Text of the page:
How Promoting Neurodiversity Can Attract Apprentices to your Salon

INCLUSIVITY IS KEY. END OF. We’ve been looking into the significance of promoting neurodiversity, and how this will allow apprentices to be able to reach their full potential in salons.

The term neurodiversity refers directly to differences within our brains. There is no one way to experience and interact with the world, and neurodiversity is the umbrella term for all of the diverse ways people can think, learn, and interact. A few of these conditions include Autism, Dyslexia, ADHD and OCD, as well as many others. 

“Neurodiversity is the idea that neurological differences like autism and ADHD are the result of normal, natural variation in the human genome… Everyone is to some extent differently abled – an expression favoured by many neurodiverse people – because we are all born different and raised differently. Our ways of thinking result from both our inherent “machinery” and the experiences that have “programmed” us,”  explains John Elder Robinson, a scholar in residence and a co-chair of the Neurodiversity Working Group at the College of William & Mary.  Here’s all his research in this YouTube clip.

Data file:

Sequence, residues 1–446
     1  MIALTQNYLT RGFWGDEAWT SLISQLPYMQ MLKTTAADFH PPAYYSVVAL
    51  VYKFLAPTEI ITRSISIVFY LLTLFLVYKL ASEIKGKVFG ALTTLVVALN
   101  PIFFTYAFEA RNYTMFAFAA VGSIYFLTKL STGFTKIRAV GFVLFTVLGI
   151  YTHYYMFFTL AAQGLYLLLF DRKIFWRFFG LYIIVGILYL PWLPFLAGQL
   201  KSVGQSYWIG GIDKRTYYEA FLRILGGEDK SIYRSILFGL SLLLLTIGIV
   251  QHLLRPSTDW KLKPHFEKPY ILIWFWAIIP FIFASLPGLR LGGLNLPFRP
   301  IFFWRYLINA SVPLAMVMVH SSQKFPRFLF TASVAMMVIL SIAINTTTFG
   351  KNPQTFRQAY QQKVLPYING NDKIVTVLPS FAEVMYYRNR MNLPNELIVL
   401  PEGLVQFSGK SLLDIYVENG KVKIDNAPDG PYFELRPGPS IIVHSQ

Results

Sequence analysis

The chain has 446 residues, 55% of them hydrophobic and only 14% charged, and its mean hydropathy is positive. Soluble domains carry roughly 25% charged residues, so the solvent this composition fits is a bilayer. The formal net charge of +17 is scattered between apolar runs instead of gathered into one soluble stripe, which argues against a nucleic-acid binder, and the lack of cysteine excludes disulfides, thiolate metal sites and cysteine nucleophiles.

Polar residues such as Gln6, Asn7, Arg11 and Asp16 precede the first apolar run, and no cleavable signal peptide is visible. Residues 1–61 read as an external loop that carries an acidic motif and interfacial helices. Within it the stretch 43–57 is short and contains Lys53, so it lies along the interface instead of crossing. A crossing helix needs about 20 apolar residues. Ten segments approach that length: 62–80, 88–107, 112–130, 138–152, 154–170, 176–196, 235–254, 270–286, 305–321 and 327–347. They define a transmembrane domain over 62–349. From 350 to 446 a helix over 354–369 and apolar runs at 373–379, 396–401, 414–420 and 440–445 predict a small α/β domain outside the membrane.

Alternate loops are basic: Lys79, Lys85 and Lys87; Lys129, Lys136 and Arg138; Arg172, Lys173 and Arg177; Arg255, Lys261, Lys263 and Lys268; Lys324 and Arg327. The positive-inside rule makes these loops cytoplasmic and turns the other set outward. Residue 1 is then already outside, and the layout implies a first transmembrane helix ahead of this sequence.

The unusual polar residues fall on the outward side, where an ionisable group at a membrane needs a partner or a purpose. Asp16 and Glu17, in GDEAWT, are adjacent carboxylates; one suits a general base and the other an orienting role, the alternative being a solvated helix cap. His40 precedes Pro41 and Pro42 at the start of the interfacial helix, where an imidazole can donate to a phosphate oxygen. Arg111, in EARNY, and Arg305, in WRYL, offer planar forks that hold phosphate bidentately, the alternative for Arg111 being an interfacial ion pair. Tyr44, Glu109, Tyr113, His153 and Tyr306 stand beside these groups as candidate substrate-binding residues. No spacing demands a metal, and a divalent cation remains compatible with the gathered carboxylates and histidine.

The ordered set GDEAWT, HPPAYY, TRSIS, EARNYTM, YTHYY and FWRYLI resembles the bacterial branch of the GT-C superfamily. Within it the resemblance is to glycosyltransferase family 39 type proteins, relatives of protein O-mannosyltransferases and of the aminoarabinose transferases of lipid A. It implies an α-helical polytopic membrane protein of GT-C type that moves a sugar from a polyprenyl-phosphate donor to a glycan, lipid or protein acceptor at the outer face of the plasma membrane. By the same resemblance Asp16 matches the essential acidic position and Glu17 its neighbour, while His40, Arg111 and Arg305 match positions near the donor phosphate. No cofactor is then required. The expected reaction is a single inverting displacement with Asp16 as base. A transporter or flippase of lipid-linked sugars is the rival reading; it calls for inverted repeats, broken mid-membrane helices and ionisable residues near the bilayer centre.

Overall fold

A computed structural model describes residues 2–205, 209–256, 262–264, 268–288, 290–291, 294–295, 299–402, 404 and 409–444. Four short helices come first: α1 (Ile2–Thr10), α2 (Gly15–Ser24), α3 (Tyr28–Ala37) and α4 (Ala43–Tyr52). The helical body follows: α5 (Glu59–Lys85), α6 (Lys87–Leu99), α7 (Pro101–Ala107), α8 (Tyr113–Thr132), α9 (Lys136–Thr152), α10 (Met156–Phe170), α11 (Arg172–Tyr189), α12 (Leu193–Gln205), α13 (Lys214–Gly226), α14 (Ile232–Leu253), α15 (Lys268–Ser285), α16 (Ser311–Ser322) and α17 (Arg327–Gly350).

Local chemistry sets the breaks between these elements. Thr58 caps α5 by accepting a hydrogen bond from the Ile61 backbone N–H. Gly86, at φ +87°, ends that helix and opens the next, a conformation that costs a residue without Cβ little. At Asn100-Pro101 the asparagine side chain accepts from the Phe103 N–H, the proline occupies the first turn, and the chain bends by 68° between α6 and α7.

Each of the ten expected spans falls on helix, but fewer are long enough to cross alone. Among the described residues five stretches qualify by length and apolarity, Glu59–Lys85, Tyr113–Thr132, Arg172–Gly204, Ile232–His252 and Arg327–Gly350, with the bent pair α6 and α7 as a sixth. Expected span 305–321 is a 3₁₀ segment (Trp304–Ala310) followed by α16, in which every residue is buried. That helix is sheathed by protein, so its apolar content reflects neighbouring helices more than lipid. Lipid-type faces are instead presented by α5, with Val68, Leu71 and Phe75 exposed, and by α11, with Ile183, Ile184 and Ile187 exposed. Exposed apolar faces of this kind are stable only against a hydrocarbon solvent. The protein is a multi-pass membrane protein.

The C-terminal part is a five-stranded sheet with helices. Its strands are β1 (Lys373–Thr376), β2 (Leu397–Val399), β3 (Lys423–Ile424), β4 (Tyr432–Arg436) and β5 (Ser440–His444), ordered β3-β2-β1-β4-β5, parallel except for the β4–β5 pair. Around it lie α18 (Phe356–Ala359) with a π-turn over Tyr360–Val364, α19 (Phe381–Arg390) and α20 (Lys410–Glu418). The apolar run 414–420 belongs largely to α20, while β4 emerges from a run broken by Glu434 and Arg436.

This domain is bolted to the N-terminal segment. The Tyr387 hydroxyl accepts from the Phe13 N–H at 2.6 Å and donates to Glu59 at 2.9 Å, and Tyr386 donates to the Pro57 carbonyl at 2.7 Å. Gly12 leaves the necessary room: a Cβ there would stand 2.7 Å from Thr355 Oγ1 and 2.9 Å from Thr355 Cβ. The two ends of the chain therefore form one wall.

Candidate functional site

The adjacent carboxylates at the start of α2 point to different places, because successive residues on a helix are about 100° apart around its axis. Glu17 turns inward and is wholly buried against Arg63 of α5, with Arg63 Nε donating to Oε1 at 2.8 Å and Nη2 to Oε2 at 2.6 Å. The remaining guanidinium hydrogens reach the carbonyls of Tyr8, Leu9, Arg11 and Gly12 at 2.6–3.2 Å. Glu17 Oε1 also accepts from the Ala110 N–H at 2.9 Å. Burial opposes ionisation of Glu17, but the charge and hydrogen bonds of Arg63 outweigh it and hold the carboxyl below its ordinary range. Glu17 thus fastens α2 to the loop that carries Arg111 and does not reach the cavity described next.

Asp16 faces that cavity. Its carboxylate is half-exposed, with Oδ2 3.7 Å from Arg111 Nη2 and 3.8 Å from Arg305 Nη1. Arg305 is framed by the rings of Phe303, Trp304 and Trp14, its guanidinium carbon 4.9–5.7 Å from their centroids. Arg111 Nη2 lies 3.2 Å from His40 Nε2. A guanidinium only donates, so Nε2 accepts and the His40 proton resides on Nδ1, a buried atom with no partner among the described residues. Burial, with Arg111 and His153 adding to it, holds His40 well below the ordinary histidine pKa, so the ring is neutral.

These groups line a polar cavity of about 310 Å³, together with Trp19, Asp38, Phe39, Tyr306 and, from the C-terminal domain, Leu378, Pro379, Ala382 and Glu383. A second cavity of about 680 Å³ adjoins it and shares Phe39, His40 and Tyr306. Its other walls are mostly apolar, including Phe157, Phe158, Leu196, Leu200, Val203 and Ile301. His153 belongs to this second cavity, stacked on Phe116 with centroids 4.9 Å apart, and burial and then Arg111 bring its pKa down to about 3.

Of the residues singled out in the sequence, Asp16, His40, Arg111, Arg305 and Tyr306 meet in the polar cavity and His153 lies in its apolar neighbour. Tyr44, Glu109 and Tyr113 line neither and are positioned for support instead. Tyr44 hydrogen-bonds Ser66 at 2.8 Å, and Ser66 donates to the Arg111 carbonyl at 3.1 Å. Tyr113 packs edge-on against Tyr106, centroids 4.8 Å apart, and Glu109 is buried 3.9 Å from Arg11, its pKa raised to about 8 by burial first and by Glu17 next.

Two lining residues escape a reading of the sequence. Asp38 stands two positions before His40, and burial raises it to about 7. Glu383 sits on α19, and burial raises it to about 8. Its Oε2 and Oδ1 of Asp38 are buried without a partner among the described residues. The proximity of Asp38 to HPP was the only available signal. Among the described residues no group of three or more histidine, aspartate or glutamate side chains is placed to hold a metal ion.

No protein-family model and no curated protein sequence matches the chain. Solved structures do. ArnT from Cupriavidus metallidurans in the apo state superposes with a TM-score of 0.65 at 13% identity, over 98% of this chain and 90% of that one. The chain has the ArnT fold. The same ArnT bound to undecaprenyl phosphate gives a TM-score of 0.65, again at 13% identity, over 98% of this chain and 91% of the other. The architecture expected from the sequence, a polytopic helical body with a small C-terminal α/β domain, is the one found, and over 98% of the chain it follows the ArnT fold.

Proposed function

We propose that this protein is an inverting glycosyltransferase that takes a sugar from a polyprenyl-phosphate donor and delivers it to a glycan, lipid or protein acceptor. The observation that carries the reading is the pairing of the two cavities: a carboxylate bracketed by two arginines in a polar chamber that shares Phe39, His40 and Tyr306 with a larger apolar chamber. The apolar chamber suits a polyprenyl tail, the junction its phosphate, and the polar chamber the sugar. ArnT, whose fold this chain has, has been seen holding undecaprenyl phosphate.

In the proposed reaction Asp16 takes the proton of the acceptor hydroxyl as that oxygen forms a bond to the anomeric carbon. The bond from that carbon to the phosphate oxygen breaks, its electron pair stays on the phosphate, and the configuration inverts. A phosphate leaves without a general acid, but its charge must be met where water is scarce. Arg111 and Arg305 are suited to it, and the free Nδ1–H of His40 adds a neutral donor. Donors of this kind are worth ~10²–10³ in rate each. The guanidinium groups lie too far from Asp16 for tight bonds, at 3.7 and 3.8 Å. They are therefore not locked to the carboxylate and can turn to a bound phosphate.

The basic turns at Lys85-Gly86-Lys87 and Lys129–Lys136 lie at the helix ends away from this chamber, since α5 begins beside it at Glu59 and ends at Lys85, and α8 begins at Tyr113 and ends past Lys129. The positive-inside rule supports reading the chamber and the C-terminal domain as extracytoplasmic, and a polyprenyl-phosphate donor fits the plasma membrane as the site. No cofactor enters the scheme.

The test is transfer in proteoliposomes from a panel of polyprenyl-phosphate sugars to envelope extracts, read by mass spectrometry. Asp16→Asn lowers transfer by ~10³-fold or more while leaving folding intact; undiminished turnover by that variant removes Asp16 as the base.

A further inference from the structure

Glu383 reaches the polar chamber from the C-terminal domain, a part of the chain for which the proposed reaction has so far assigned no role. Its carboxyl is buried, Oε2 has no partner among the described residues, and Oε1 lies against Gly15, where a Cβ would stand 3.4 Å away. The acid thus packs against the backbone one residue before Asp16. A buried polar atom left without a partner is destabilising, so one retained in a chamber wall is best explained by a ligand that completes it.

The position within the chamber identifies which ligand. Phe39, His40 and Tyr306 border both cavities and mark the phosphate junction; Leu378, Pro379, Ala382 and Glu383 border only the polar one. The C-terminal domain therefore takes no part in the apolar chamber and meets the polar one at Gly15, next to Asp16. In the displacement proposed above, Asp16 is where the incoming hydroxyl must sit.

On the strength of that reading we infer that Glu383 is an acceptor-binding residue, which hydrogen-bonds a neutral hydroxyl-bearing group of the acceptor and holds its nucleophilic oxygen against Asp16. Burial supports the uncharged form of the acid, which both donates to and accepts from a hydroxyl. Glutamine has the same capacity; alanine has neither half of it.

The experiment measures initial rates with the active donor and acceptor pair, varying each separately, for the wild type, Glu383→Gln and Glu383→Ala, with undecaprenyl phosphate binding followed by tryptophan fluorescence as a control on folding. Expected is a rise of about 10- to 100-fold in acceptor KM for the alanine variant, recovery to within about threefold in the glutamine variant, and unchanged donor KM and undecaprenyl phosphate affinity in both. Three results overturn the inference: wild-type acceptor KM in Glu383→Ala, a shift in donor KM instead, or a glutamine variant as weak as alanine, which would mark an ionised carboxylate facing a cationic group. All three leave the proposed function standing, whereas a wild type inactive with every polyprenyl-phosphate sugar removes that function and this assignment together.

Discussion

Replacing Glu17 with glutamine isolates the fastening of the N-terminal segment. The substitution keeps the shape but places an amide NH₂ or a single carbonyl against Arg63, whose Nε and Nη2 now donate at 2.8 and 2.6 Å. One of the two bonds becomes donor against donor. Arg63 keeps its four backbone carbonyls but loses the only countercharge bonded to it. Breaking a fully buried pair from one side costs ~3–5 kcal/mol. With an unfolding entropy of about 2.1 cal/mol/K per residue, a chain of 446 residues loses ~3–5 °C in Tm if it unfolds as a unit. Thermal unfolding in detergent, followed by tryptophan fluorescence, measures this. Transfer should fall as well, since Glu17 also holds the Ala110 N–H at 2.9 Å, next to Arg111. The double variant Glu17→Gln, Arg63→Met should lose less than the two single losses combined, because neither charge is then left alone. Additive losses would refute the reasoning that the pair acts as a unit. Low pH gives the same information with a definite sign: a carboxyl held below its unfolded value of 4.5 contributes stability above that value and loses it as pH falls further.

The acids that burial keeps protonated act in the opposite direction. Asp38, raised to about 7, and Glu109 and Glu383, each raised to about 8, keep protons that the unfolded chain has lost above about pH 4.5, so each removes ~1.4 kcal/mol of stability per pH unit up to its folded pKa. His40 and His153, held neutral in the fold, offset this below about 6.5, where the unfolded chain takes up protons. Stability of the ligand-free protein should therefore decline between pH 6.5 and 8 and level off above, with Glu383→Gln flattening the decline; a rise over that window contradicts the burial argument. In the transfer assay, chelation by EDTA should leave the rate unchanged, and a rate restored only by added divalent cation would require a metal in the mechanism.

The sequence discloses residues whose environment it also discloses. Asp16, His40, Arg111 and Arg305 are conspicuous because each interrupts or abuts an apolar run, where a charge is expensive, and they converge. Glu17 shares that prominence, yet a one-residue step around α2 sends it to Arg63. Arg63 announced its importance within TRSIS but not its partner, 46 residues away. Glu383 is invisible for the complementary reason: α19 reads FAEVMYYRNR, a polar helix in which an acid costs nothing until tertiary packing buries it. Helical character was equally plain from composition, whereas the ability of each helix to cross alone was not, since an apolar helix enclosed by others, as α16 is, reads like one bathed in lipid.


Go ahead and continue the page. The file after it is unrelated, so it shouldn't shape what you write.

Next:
Given that up to 1 in 3 learners are estimated to have hidden needs, it is important that salon owners are aware of signs and steps to take that will support the apprentice and allow them to reach their full potential. 

KIT’s Signs and Steps that will support apprentices and allow them to reach their full potential:

  • Ensure every apprentice receives the same high-quality experience and an equal opportunity of success (According to the National Achievement Rates Tables (NARTs), learners with identified learning difficulties and disabilities (LDD) are more likely to drop out of their apprenticeships.)
  • Cultivate an environment where apprentices are able to discuss their identified learning difficulties
  • Discuss with the apprentices what support they will need to achieve their full potential
  • Provide an open narrative within your salon and provide practices that aid and support any learners with identified learning difficulties and disabilities
  • Consider mentorship and guidance for apprentices

If you have any insights on how we can grow this list, please feel free to get in touch.